Israeli diamond tycoon Beny Steinmetz has denied charges made by Swiss prosecutors that he bribed Guinean officials to win lucrative mining licences in the west African country.
Mr Steinmetz and two associates are alleged to have paid $10m to one of the wives of Lansana Conté, the former president of Guinea, in order to secure rights to one of the world’s largest untapped reserves of iron ore, partially through Swiss bank accounts. Prosecutors are seeking prison terms of two to 10 years for the three.
The Israeli billionaire has been enmeshed in legal battles around the globe stemming from allegations that his business orchestrated a bribery scheme to win the prized mining prospect, a source of the key ingredient needed to make steel.
In an indictment filed with Geneva’s criminal court, a prosecutor accused Mr Steinmetz of “bribing foreign officials and forgery” in Guinea between 2005-2010 while operating his business from Geneva.
Claudio Mascotto, the Geneva prosecutor, said he had been investigating the case since 2013. The bribery allegations were first revealed in the Financial Times in 2012.
Mr Steinmetz paid “bribes to one of the wives of former Guinean president Lansana Conté with a view to ousting a competitor and granting Beny Steinmetz Group Resources [BSGR] mining rights in the region of Simandou,” the prosecutor’s office said in a statement.
The bribes were hidden using forged documents and “false invoices”, according to the indictment.
Marc Bonnant, Mr Steinmetz’s Geneva-based lawyer, said the charges were baseless.
“Beny Steinmetz denies categorically any wrongdoings,” he told the FT. “He never paid a single cent to any president in Guinea or to any public agent in Guinea, neither did he ever give instructions for such monies to be paid.”
Mr Steinmetz now lives in Israel, but returned to be questioned by prosecutors and attended every hearing over the past six years, Mr Bonnant said. The billionaire will attend the trial, he added.
Mr Steinmetz has long denied wrongdoing in his dealings in Guinea, which have been the subject of a series of corruption probes in Guinea, the US, Switzerland and Israel, where he was detained and questioned by police in 2016.
Earlier this year, Mr Steinmetz reached a settlement with Guinean authorities over the rights to portions of the giant Simandou project in which both parties agreed to “waive all outstanding procedures”.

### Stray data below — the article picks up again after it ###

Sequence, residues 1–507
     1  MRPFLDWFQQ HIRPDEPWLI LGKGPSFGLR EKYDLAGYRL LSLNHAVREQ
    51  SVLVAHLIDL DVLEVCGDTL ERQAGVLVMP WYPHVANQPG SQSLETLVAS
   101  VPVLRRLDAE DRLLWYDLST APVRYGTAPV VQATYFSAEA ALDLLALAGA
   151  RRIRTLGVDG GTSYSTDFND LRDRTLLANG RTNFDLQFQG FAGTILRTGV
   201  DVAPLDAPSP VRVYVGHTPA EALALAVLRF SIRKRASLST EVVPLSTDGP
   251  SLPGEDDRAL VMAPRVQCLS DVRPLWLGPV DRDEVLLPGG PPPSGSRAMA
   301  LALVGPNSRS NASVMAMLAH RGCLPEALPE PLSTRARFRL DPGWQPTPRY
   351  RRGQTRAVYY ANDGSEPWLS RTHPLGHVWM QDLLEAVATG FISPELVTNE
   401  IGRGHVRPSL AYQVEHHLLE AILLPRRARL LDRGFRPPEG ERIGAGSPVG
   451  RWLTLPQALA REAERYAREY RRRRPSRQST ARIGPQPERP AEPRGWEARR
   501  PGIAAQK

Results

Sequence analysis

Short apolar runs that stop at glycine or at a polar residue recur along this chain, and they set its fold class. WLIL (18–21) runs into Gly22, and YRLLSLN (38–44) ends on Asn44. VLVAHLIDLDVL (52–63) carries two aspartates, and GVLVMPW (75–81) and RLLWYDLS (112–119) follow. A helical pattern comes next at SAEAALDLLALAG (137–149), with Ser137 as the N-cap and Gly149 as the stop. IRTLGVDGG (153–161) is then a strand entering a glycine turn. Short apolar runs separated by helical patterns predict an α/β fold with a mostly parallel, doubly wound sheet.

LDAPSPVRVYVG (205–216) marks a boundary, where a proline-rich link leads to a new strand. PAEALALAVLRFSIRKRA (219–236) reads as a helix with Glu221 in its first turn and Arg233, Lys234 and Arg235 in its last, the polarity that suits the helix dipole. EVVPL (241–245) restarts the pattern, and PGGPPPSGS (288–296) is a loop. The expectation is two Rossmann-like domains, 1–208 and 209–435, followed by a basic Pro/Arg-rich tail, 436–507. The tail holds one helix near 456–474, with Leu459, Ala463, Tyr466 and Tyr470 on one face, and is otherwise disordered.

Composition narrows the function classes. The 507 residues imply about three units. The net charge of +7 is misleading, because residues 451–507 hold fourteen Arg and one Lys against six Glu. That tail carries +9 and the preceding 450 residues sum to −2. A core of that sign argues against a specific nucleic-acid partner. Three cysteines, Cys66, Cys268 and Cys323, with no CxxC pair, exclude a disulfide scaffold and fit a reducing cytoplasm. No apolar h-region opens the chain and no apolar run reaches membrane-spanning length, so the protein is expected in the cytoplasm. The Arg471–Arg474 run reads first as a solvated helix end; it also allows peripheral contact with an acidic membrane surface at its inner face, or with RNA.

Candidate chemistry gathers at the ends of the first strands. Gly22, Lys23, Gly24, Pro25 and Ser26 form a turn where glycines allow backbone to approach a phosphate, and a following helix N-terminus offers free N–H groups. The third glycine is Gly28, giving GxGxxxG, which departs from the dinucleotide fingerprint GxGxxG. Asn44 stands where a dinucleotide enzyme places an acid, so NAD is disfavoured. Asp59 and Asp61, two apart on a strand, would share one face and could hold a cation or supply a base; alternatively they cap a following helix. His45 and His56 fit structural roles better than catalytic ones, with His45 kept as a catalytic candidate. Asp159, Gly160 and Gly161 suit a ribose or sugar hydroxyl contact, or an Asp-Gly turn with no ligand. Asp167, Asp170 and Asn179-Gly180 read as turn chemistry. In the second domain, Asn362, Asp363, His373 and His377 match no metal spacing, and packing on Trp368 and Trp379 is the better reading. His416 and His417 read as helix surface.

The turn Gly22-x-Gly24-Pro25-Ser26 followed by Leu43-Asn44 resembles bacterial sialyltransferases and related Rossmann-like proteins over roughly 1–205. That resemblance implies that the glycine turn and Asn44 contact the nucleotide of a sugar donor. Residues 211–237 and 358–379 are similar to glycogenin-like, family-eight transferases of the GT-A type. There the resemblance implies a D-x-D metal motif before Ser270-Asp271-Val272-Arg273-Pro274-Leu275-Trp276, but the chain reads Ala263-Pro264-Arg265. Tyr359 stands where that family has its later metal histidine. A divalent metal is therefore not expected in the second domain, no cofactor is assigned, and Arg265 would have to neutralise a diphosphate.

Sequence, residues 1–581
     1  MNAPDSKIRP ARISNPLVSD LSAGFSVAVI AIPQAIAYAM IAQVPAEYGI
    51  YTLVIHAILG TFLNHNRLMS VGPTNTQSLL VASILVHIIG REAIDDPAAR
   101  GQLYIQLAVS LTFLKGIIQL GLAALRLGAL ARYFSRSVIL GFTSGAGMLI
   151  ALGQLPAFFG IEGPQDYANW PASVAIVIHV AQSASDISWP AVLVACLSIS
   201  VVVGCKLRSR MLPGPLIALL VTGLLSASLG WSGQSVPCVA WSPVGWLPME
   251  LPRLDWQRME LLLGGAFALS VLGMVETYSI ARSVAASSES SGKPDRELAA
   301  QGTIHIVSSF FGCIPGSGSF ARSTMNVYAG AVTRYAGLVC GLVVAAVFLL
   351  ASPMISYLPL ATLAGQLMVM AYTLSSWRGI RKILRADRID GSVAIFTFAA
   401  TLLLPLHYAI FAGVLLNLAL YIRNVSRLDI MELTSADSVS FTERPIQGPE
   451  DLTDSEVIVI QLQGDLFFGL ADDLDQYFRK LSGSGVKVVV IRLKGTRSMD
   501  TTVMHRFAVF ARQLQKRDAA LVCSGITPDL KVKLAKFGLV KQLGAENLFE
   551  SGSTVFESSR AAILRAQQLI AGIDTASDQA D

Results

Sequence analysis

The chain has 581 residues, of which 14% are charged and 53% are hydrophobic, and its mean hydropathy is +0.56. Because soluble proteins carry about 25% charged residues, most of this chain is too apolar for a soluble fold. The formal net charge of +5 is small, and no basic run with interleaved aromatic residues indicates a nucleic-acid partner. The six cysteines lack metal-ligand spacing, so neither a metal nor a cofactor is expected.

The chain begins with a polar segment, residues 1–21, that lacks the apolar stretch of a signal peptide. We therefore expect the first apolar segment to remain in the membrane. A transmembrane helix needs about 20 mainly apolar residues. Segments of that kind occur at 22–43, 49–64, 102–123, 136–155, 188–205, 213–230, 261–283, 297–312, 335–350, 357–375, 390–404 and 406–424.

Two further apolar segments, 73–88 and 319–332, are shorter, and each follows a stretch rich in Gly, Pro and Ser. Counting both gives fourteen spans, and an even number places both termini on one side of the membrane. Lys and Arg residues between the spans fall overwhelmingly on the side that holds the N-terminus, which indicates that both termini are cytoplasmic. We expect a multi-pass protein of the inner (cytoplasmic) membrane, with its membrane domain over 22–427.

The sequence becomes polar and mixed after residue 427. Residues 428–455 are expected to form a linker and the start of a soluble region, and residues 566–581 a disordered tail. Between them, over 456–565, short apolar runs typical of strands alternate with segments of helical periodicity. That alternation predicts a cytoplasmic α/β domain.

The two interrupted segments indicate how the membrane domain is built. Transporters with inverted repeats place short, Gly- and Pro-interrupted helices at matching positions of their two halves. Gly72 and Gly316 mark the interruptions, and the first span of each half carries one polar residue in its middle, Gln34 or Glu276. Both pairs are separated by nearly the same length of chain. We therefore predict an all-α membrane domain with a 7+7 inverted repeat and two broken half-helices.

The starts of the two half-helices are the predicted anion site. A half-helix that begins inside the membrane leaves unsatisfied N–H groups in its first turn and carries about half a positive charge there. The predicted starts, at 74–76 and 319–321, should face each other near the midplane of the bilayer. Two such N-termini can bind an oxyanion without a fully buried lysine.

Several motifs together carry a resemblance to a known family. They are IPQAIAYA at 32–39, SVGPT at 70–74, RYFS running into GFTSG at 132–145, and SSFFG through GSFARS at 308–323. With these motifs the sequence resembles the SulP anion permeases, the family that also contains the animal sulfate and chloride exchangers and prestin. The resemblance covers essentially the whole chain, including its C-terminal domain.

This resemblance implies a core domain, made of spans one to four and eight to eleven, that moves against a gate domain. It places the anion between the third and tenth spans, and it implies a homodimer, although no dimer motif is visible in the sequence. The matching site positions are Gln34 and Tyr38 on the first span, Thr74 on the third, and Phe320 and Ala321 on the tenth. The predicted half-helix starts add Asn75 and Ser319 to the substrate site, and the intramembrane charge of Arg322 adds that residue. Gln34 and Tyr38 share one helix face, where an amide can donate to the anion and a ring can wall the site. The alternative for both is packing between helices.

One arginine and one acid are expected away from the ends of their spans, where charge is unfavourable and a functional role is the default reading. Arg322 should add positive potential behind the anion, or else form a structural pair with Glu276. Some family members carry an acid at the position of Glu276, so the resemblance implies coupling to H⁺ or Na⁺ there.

The Guinean government also granted another mining license to a group in which Mr Steinmetz is an investor.
“Not only do the Guinean authorities recognise today that there has never been corruption, but they give back [another mining license] to the alleged corruptor,” Mr Bonnant said.
The deal in February brought an end to a saga that began in 2008 when Mr Conté stripped Anglo-Australian miner Rio Tinto of its license for the northern half of the deposit. Days before he died later that year, Mr Conté granted the same rights to BSGR, a mining arm of Mr Steinmetz’s business empire.
His successor, Alpha Condé, later launched an inquiry into the deal and concluded the rights had been won through bribery. He cancelled BSGR’s claims on Simandou and Zogota, another large deposit, though the company denied any wrongdoing and fought the decision through international arbitration.
Under the February deal, BSGR relinquished its rights to blocks 1 and 2 of the project, and Guinea asked a group of investors, including Mr Steinmetz and former Xstrata boss Mick Davis, to develop Zogota.
BSGR said: “The indictment announced by the Swiss prosecutor’s office is as misjudged as it is absurd in view of the dropping of all claims against BSG Resources and Beny Steinmetz by the Guinean government.”
Last year BSGR was placed into administration in the face of the legal battles swirling around its dispute with Guinea.
BSGR was ordered to pay iron ore producer Vale $1.25bn after it was found liable for fraudulent misrepresentations, including a bribery scheme, by a London arbitration court.
Details of the award, made in April, emerged in the US where Vale is seeking a court order to enforce the decision, which relates to an ill-fated joint venture in Guinea.
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